With the current level of electronic and safe guards built there-in, its quite difficult for a driver to stress an engine very much. However, depending on the setup prefererences and turn in angle, they can still put a whack of pressure on suspension, tires and the breaking system.

So, IMO, yes and no. :smoking:


Yeah more or less I agree with that, but I want bpl to answer so we can have Renault views on the subject.

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#140 bpl

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Posted 25 January 2006 - 18:39

I think I will leave this job to Platipus - he seems to know more than me!

re: Paco, that's a good question. Certainly, a style can have different effects - for example, we saw last year that Giancarlo's rear tyre wear was relatively higher, while for Fernando the higher relative wear was at the front. In terms of the engine, mapping is developed in conjunction with the driver's style and around their individual characteristics, so again the team works to adapt the "tool" to the driver's style - and the same is true in reverse, the drivers adapt to be in harmony with the car and engine.

In terms of it being more stressful, I think one answer is to say that the team has the responsibility to make a car that can cope with the driver's style. The drivers will work with the engineers to optimise how they drive, iron things out or adapt the set-up. In fact, in some senses the concept of 'driving style' is a wild goose chase - Fernando says it best when he says that the only real driving style is constant adaptation, because the car changes every lap. For example, he says that he drove differently at Minardi, compared to the very aggressive steering movements he makes with Renault.

The way in which it can be stressful is, of course, when things are taken out of their 'normal' operating parameters. So if a driver shifts up too late and continually hits the rev limiter, that can have an impact on engine reliability. Equally, look at last year in Imola when RAI was reportedly told to avoid being so aggressive over the kerbs to look after the driveshafts, didn't and it broke early in the race because it was beyond what had been specced as 'normal' for that part. But I think it is fair to say that it is rare for a driver's style to have such a major impact as to really be a 'car-breaker'. Fernando, for example, is very aggressive but the engineers always cite his control as a major quality.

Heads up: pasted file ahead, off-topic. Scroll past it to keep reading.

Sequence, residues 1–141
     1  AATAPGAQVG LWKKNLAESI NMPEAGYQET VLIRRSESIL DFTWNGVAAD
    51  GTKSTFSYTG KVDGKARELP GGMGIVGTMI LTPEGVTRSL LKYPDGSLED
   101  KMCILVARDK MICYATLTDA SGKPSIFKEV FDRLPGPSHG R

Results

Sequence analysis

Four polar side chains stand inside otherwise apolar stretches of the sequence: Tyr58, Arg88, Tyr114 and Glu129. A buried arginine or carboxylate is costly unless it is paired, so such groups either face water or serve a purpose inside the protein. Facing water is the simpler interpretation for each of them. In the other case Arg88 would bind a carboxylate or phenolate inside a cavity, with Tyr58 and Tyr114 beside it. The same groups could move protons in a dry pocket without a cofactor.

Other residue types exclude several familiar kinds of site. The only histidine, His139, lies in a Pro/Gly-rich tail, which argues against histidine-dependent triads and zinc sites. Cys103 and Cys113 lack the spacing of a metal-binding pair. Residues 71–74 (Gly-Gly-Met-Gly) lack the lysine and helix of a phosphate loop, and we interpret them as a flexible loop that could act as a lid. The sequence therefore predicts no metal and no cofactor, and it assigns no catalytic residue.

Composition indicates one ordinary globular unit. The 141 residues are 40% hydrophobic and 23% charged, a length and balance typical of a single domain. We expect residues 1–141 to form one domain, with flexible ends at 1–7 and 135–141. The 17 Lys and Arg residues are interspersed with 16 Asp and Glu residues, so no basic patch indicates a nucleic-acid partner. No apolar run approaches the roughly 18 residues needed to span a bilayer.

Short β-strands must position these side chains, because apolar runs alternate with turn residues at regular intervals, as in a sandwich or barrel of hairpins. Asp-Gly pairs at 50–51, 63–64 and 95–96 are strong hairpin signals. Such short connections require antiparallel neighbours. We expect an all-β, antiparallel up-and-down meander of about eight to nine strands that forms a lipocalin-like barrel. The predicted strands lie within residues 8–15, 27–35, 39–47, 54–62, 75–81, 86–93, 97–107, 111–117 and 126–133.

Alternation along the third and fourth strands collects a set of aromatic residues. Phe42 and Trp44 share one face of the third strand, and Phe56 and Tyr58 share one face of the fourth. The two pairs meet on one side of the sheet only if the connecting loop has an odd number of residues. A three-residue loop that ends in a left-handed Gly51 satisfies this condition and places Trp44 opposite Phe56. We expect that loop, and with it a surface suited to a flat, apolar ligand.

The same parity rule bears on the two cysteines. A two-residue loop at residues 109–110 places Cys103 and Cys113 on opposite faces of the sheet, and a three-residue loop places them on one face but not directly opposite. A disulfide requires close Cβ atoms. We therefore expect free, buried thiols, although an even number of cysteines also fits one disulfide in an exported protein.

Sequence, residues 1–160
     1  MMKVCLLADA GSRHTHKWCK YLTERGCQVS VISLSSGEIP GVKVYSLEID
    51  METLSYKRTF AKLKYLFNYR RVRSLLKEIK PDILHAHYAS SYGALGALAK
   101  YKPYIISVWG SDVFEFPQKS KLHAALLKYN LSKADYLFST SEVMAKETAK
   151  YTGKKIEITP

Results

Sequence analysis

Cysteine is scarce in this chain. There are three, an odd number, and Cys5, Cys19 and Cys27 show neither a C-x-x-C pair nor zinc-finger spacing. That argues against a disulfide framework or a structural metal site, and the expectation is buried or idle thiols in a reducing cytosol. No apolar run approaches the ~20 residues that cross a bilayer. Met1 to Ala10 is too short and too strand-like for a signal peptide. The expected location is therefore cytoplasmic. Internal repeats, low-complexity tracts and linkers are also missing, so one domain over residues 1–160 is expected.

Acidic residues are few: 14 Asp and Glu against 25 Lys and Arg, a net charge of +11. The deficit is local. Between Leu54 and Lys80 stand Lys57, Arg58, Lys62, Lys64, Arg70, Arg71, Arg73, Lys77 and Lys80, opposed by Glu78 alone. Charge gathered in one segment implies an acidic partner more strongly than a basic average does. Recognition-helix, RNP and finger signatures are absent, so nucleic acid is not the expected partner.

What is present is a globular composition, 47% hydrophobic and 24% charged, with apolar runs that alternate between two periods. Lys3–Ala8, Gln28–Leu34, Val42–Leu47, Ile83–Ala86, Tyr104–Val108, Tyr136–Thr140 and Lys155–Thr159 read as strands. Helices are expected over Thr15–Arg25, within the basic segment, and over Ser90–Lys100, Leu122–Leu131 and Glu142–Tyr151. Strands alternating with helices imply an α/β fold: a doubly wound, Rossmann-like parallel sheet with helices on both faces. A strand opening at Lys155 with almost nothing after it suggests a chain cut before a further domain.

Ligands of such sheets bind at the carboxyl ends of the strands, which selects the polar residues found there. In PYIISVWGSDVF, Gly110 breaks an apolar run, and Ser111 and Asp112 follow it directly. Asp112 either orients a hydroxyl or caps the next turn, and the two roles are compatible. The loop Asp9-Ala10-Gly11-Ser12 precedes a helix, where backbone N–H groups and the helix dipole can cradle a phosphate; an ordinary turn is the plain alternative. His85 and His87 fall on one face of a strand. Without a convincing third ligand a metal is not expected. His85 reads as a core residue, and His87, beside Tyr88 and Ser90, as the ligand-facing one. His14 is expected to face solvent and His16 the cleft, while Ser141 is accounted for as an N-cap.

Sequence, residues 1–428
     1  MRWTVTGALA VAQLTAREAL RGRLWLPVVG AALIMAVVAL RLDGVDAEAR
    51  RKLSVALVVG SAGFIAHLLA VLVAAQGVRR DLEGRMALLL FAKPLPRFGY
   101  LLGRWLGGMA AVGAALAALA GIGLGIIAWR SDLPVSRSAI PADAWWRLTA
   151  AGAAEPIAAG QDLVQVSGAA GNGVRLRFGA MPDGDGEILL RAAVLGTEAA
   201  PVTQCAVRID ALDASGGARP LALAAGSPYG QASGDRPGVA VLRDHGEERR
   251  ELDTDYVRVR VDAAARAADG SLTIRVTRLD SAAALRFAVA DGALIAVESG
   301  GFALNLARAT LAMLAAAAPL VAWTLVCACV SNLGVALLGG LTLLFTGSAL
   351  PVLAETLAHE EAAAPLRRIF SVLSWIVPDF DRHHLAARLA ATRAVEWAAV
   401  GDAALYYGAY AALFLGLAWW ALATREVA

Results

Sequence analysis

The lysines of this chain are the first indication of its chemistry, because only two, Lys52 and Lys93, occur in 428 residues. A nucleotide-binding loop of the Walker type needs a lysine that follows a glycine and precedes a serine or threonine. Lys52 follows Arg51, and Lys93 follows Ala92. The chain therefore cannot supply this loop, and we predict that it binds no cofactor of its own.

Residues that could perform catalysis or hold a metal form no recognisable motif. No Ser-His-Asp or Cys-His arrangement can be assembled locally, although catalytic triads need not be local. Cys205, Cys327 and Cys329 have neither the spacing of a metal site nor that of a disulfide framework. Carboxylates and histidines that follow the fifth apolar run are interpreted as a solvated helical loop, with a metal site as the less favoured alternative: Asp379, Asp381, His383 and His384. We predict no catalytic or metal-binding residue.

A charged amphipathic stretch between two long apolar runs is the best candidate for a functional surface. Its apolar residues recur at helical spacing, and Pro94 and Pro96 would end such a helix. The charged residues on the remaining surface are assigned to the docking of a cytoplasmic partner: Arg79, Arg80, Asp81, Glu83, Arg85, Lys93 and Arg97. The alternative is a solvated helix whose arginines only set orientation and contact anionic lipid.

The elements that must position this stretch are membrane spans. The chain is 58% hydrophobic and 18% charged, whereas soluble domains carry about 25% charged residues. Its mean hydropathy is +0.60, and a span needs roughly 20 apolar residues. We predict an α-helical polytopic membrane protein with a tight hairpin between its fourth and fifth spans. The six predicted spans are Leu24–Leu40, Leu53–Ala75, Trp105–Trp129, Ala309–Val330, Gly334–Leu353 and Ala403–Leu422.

re: Sir Frank, set-up work during the winter is not circuit-specific. You need to understand how the car reacts if you change the roll-bar, change ride heights etc... The engineers work to build up their knowledge base, in order that they know what to do when situations arise at the races; circuit-specific work would come later on, in tests focused specifically on individual races.

As for the performance potential, you are absolutely right. Every team is pushing flat out, so knowing the potential won't change how they work - if it did, that would simply suggest they could have been working harder anyway! However, you only need to see today's comments from Honda to see that more than ever this season, nobody can be 100% sure where the performance base-line is situated and that Bahrain will be the real test. Every team is always cagey, on the basis that any info revealed gives competitors more information than they would otherwise have had. So especially in this run-up to the first race, until we know the playing field is level, every team plays its cards very close to its chest. Which also gives all the fans plenty to debate and speculate about!